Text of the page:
I hear a lot of things about therapy from people I meet.
Often, I say I’m a psychologist, and I get the question, “Are you going to analyze me?” Usually followed up with, “No one would understand my weirdness anyway,” or the little more defensive (and uninformed), “Isn’t that about blaming your parents for everything? Now that might be nice!”
General laughter follows.
I have written about the stigma of mental illness. I have written about how hard it is to be vulnerable. I have tried, through writing about my own mental issues (a history of an eating disorder and panic disorder), to show that these things can happen to all of us.
There is no need for shame.
They are not pleasant, or easy. But neither is diabetes, Crohn’s, or heart disease.
Let’s say you are considering treatment. Maybe you have been on medication, maybe not. Maybe you realize you’re becoming more negative, or get mad at little things that shouldn’t bother you. Maybe you have fears that are underneath the surface, tied into things that you saw or experienced years ago. Maybe you are detaching from your partner, and you don’t know why. Maybe you are losing or have never had a good feeling about yourself.
You go to a therapist to get an objective opinion. You go to a therapist to hear their experience in helping others with problems just like yours. You go to a therapist for support and understanding. You go to a therapist to learn strategies to confront whatever it is you are facing, to help you make connections that might not have been evident to you alone.
[tweetthis hidden_hashtags=”#therapy”]You might be surprised how much a good therapist can help you see, & help you change.[/tweetthis]
So, how do you find such a person? And how do you decide if you can talk to them?
1. Reveal to others that you are looking for someone, and get recommendations.
Most of my referrals are either from past patients, which is always humbling. Others are from pastors, family doctors, Ob-Gyns, oncologists, neurologists, and lawyers. Obviously, you are admitting that you are seeking treatment.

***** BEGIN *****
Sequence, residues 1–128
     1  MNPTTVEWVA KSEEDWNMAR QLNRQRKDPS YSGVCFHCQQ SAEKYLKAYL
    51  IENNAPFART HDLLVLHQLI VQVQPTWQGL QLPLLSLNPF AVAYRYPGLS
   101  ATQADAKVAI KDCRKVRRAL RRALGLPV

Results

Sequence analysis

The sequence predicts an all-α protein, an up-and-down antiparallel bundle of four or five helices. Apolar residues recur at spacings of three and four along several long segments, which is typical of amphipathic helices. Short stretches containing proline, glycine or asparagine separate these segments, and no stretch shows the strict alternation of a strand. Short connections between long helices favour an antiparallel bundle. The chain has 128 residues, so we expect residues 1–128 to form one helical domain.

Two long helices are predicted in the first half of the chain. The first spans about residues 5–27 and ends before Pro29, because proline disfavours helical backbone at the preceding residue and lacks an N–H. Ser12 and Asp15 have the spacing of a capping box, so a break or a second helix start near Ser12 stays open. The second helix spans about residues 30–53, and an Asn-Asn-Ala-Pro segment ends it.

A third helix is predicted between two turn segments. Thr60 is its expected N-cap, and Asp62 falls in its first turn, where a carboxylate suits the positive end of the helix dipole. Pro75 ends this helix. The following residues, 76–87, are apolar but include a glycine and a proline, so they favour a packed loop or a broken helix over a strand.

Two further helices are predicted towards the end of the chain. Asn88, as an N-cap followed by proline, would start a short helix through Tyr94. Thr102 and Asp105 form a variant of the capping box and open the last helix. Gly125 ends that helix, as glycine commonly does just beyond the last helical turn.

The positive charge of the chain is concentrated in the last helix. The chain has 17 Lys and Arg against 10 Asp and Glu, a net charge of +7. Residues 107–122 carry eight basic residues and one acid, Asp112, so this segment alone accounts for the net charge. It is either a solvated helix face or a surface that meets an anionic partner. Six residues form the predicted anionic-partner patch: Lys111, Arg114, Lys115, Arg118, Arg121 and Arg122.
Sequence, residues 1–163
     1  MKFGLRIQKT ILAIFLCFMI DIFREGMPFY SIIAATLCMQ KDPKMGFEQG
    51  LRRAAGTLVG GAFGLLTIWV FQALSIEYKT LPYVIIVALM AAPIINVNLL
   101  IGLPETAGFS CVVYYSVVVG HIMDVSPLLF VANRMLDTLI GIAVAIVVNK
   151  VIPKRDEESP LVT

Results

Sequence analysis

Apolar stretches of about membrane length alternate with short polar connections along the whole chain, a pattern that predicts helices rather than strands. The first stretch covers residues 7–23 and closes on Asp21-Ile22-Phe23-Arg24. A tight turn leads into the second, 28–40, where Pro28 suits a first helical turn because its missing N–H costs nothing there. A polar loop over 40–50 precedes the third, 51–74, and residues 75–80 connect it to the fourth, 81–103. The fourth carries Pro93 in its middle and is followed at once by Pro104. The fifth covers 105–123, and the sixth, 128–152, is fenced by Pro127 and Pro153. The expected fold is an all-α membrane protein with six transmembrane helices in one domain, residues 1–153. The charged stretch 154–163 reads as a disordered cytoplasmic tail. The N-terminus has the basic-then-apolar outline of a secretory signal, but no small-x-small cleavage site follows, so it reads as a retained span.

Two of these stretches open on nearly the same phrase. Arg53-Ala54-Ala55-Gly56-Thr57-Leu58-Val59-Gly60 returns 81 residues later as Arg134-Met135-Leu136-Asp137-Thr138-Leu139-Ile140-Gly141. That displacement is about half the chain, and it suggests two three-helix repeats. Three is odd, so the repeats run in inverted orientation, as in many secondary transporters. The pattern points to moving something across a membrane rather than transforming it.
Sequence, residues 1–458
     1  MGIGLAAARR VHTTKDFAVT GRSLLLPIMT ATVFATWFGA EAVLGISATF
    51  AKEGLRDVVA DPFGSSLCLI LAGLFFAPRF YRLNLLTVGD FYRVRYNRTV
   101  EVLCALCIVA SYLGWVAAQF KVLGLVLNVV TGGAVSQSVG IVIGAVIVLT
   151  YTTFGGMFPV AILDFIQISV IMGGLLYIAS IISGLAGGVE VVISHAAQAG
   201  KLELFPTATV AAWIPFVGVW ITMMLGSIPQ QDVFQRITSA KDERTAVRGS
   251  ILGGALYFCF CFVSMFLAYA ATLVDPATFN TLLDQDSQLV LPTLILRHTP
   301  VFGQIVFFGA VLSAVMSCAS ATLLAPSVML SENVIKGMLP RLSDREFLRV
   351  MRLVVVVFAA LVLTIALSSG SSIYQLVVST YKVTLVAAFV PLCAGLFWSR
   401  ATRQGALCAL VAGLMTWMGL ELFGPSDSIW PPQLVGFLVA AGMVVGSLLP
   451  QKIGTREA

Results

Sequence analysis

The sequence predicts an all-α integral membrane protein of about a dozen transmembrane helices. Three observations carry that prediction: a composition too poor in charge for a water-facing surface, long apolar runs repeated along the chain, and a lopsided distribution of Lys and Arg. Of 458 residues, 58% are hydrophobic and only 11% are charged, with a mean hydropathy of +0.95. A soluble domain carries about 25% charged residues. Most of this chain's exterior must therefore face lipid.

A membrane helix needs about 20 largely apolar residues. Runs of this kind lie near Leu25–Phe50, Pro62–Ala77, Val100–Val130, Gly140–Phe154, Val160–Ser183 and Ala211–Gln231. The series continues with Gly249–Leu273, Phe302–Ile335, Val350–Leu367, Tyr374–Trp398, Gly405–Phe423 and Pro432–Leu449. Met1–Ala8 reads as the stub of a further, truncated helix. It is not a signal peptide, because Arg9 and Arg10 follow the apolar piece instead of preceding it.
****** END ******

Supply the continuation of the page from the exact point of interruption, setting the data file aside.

But you might find that more people have gone to therapy than you think.
2. Call and talk to several.
Get a feel for who they are in a first phone call. Ask some practical questions. “What do you specialize in?” How much do you charge? Do you take or file insurance? Do you work with a medical professional, if I might need medication?”
If a clinic wants to make an appointment for you, without speaking to the therapist first, you can be firm, and ask to do so. As they listen to some of your story, how do they respond? Does it feel good to you, or not?
There are other more specific questions, that can also give you a sense of how the therapist works. “How active are you as a therapist? Do you give homework assignments? Do you see people for long periods of time, or shorter? What’s your philosophy of therapy — what kinds of changes do you most value or believe are important? Do you do trauma work (if you have trauma in your past..)? “ Those kinds of questions.
3. Go online.
Check their websites. They will talk about their philosophy of doing therapy. They may blog or have written some articles or a book. You can see their picture.